A bug’s life—examined

A practical pest, the red flour beetle has swarmed Michael Wade’s lab for decades.

By Leigh Krietsch Boerner

Photography by Susan J. Brown

Evolutionary geneticist Michael Wade, PhD’75, has been studying Tribolium castaneum—the red flour beetle—for most of his 35-year academic career. “They’re just such a great model,” says Wade, a distinguished professor of biology at Indiana University, who inherited his penchant for these tiny bugs, found in stored grain, from his graduate adviser, former colleague, and mentor, Thomas Park, SB’30, PhD’32. “You can study so many different problems, from evolutionary genetics to ecology to behavior, with one organism.” And Wade has: his beetle studies have helped earn him an October 2008 induction into the American Academy of Arts and Sciences.

An ideal subject for genetic studies, red flour beetles infest stored grain.

Beetles are highly diverse—with more than 350,000 different species—and evolutionarily successful animals. With a generation time of only four to 12 weeks, the red flour beetle is almost an ideal subject for evolutionary problems. In 2007 the Tribolium Genome Sequencing Consortium mapped 90 percent of the insect’s genetic sequence, making it even more valuable to researchers. It’s a more broadly applicable model than the commonly used Drosophila, or fruit fly, Wade believes, because Tribolium gene content and function have more in common with other insect systems.

Wade, a Quantrell Award–winning former Chicago professor, studies how the beetles’ evolutionary processes change different populations’ genetic composition—how evolutionary changes happen, how they help individuals survive and reproduce, and how genes interact to produce a particular trait. One of his biggest contributions to evolutionary genetics involves group selection, says Stephen Shuster, a professor at Northern Arizona University, collaborator, and former postdoctoral researcher in Wade’s lab. Group selection, the idea that certain genes are present in a population because they are good for the entire group, regardless of how the gene affects an individual, is somewhat controversial among evolutionary biologists—natural selection acting at the level of the individual beetle is still the more traditionally accepted theory. But in the mid-1970s, Wade “provided first-hand evidence” that showed group selection takes place in the lab, Shuster says. By selecting genetically similar groups of red flour beetles according to a large or small number of adults in a subpopulation, he found a significant and rapid—over three or four generations—response to group selection.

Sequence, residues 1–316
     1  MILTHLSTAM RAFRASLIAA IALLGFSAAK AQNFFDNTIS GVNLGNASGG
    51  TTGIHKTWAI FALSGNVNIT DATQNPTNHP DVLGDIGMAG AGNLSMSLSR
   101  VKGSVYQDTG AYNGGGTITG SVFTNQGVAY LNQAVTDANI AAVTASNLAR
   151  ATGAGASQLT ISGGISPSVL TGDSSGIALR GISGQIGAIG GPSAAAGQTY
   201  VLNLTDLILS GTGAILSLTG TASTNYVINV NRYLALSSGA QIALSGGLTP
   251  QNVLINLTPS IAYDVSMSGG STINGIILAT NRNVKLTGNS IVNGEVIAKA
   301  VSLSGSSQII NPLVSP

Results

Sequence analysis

Recently Wade has started attacking a new problem: how do the genetics of a single-species beetle population diverge to become incompatible? To do this research, he and former student Jeff Demuth have been awarded a $2 million, four-year grant from the National Institutes of Health.

“We’ve discovered in preliminary studies,” Wade says, “that beetle populations separated by only a few hundred miles from one another produce inviable, infertile, or deformed hybrid progeny.” After a relatively short period of time, two beetle populations can no longer interbreed. According to Wade, it’s not any single gene that causes the incompatibility; it’s the combination of certain genes, like the interplay of genes in human disease.

Several common human conditions—diabetes or autism, for example—are likely caused by bad gene interactions, Wade says. But “the problem for health scientists now is that we don’t know a lot of about the gene combinations that produce disease.” He hopes to learn more about bad gene combinations in beetles, so the information can be applied to human disease systems.

Researchers have found single genes that, alone, cause a particular disease, an idea known as the single-gene model. But finding evidence for many diseases using this premise has proved difficult. “You might find that the same gene contributes to disease in some people,” says Wade, “but to health in others.”

The difference between the single-gene and combination models is like the difference between two card games, he explains. The first theory is like War. “In that game, a low card is always low and a high card is always high.” But gene combination is more like poker: “Although an ace tends to be a good card, an ace of the wrong suit can ruin a flush, or an ace out of numerical order can ruin a straight.” 

Along with researching the genetics of red flour beetles, he has also studied fruit flies, sea horses, plants, ants—all selected based on the interests of his students. He gets especially excited if a student wants to study an organism Wade knows nothing about. “There’s hardly anything that’s not appealing,” he says, in evolutionary genetics. “New predictions let you make new tests, which let you make new predictions. It’s kind of fun.”

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